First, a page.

|Established in 1797, Warren County is named for Revolutionary War hero, Dr. Joseph Warren of Boston. Bowling Green was platted in the late 1790s and incorporated in 1812. The city is believed to be named for New York's Bowling Green Park, where . . . — — Map (db m39666) HM|
The Cecelia Memorial Presbyterian Church is one of the oldest church buildings in Warren County. It was built in 1847 for the First Christian Church in the Greek Revival style. In 1897 it was sold to the Negro Cumberland Presbyterian . . . — — Map (db m139443) HM|
|Threatened by Union forces to the west, CSA, who had occupied city five months and fortified hills, planned to evacuate Feb. 14, 1862. Other Federals came from north and bombarded from across the river. CSA set fire to depot and warehouses, as . . . — — Map (db m39658) HM|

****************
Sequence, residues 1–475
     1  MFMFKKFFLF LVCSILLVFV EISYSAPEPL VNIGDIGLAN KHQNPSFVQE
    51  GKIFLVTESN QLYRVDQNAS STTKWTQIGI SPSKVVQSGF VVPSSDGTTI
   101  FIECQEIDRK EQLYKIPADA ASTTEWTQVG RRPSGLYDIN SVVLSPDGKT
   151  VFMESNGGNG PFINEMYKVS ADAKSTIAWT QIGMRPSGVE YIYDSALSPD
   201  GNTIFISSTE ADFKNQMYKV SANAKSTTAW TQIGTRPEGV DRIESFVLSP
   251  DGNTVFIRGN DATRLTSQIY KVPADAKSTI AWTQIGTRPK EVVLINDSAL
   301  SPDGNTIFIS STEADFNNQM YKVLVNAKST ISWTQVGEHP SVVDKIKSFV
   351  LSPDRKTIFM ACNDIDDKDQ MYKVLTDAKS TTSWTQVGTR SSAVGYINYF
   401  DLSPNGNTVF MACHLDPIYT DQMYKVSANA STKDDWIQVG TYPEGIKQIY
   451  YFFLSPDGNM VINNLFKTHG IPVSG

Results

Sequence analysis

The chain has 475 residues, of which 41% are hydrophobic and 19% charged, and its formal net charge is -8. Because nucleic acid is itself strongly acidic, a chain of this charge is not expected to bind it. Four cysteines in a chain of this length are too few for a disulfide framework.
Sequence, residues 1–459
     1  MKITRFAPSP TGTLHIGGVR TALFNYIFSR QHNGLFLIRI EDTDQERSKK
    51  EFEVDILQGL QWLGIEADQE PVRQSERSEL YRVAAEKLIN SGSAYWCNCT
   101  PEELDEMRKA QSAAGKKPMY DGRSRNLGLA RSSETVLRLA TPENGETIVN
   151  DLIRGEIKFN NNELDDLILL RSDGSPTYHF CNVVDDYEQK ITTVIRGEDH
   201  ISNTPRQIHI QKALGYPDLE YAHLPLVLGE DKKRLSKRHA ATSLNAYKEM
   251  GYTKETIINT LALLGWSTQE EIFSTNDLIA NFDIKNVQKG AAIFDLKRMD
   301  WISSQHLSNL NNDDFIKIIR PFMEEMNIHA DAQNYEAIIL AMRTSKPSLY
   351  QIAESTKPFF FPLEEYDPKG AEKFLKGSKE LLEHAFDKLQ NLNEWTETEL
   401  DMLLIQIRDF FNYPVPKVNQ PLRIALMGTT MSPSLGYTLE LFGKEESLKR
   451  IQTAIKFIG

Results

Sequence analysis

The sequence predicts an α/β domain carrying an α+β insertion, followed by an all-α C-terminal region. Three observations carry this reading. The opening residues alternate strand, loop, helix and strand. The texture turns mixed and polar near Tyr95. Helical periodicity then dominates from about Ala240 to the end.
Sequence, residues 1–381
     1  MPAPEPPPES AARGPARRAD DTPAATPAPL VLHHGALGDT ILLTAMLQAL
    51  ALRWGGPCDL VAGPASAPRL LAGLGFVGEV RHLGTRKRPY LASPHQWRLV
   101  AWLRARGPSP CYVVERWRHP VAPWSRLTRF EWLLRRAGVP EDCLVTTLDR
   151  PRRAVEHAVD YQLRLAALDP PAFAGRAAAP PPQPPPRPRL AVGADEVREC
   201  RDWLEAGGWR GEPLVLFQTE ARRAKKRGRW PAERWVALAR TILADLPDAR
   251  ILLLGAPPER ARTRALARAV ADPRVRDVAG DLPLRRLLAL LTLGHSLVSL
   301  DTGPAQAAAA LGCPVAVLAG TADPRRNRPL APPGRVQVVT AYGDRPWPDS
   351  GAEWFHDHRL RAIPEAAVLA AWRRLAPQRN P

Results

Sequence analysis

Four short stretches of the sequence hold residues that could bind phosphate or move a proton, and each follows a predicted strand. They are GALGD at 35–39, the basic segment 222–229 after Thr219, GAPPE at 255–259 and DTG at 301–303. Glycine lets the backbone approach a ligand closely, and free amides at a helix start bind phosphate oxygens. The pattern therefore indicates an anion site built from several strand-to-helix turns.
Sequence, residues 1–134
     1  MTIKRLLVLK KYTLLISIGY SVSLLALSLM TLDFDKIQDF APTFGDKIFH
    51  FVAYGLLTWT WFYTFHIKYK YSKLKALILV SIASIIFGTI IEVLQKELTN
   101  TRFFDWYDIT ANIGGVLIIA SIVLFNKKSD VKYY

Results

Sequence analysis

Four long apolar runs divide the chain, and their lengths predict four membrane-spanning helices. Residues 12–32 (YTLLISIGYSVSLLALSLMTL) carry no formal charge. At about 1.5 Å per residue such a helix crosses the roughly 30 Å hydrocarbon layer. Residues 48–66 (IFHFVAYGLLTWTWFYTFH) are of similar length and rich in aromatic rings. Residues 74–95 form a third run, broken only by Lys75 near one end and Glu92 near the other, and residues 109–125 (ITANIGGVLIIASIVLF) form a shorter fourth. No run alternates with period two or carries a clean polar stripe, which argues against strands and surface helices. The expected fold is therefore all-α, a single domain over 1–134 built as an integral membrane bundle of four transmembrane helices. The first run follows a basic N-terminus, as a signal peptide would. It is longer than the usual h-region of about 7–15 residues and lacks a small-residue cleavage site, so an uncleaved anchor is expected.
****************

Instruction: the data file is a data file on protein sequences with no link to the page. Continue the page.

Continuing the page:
Bowling Green's Civil War Defenses
The Confederate army occupied Bowling Green from September 1861 to February 1862. During that time, troops camped nearby to guard against a Union attack coming through the open ground between Fort Webb and . . . — — Map (db m123093) HM|
|Now known as Reservoir Hill, one of nine key fortifications of CSA defense during 1861 Civil War occupation of Bowling Green. Felled trees with sharpened ends were placed as cavalry barriers. Stones from a college building under construction went . . . — — Map (db m39657) HM|
|Until the early 1940s, the College Street Bridge was the chief entrance to Bowling Green from the Barren River’s northern short.
A Lively Commercial Corridor
As one of the city’s main corridors, College Street boasted a number of commercial . . . — — Map (db m139384) HM|
| To the Confederate
1861. 1865. — — Map (db m123091) WM|
|Bowling Green named state capital at the Convention in Russellville November 20, 1861.